It’s through the process of naturalization that a non-U.S. citizen is able to obtain U.S. citizenship.
In general, you must first be a permanent resident (green card holder) for a certain period of time before becoming eligible to file the U.S. citizenship form: Form N-400, Application for Naturalization.
If you were not born in the U.S., it may be possible for you to become a U.S. citizen either through your parents or through naturalization as long as you can meet certain requirements.
In general, you can apply to gain citizenship through your parents if:
- You had a parent or parents who were citizens at the time of your birth
- You were under the age of 18 when one of your parents gained citizenship through naturalization
In general, you can apply to gain citizenship through naturalization if:
- You are at least 18 years old.
- You have been a permanent resident (green card holder) for the required period of time for your case.
- You can prove that you have a continuous residence (haven’t left the U.S. for a trip longer than 6 months).
- You can prove that you have a physical presence (have been inside the U.S. for at least half the time of your required period of permanent residency).
- You have been a person of good moral character (haven’t committed any serious crimes).
- You have basic knowledge of U.S. civics and history.
- You are able to read, speak and write in English.
When you become a U.S. citizen, you have to swear an oath of allegiance to the United States. The oath of allegiance is a set of promises you make, which include giving up all prior allegiance to any other nation, supporting and defending the Constitution and laws of the U.S. and serving the country when required.
You should be willing to fulfill your responsibilities as a U.S. citizen.
The processing time for U.S. citizenship applications varies depending on the field office or service center in the U.S. where you are applying. U.S. Citizenship and Immigration Services (USCIS) can take anywhere from 3 months to 26 months to process your application. You’ll need to look into the processing time for Form N-400.
However long it takes, once you become naturalized you will be granted benefits that are exclusive to U.S. citizens. This includes the right to vote, the right to travel freely outside of the country with a U.S. passport and access to government jobs.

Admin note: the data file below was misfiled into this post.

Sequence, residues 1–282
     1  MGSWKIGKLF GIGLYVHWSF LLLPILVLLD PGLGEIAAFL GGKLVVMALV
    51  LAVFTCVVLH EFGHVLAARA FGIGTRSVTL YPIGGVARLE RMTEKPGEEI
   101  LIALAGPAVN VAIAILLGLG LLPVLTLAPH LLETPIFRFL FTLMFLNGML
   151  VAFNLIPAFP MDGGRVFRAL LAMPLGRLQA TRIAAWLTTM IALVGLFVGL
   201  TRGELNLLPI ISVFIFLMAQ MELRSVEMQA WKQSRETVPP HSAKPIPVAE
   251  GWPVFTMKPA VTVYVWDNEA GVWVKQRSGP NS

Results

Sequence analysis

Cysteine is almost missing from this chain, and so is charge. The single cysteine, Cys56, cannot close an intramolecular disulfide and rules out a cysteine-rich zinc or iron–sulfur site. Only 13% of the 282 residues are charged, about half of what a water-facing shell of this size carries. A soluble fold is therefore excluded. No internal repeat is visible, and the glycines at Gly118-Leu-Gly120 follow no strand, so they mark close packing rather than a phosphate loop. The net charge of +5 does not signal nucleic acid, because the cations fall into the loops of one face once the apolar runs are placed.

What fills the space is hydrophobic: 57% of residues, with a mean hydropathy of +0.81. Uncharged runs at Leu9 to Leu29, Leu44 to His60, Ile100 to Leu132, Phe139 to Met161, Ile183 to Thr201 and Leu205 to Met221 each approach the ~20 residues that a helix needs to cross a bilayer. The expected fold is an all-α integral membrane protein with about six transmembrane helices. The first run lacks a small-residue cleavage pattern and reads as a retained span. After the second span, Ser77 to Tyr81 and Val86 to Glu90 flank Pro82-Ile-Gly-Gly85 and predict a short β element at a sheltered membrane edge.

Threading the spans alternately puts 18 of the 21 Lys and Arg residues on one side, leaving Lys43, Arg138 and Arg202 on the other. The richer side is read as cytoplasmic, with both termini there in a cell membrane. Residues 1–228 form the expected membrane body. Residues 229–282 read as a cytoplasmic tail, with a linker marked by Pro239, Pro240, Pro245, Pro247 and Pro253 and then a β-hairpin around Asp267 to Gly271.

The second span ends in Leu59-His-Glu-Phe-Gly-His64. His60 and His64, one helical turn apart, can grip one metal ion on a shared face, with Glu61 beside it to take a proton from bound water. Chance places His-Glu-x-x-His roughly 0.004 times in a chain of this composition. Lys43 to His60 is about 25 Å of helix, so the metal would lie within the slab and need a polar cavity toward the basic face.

To file Form N-400, you are required to complete the form questions as accurately as possible, provide supporting evidence that can prove the information you provide on the form, and sign the form.
The form includes questions about your eligibility for citizenship, your travel history, your places of employment and any crimes you may have committed. As you complete the form, it’s important to remember that you should be as honest as possible. Lying on an immigration application can not only get your application rejected and make you lose your filing fees but it can also bring you bigger immigration troubles, such as deportation.
As of September 2018, the USCIS filing fee for Form N-400 includes the form fee of $640 and a biometric (fingerprinting) fee of $85. Bringing the total N-400 filing fee to $725.
Fees may be reduced for permanent residents who are 75 years of age or older or completely waived for certain members of the military.
Since form answers and required supporting evidence may vary depending on an applicant’s situation, the USCIS provides several pages of instructions for filing Form N-400. Incorrect answers or insufficient evidence may lead to delays and even rejection of your application, so it’s important to follow the instructions and carefully answer each question on the form.